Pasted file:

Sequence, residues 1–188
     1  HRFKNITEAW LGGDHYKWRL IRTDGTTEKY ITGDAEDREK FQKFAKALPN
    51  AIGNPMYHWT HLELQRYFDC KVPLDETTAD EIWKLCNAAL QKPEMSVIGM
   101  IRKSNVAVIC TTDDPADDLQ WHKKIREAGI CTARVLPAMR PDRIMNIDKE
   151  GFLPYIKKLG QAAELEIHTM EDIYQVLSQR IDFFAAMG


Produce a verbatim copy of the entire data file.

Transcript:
Sequence, residues 1–188
     1  HRFKNITEAW LGGDHYKWRL IRTDGTTEKY ITGDAEDREK FQKFAKALPN
    51  AIGNPMYHWT HLELQRYFDC KVPLDETTAD EIWKLCNAAL QKPEMSVIGM
   101  IRKSNVAVIC TTDDPADDLQ WHKKIREAGI CTARVLPAMR PDRIMNIDKE
   151  GFLPYIKKLG QAAELEIHTM EDIYQVLSQR IDFFAAMG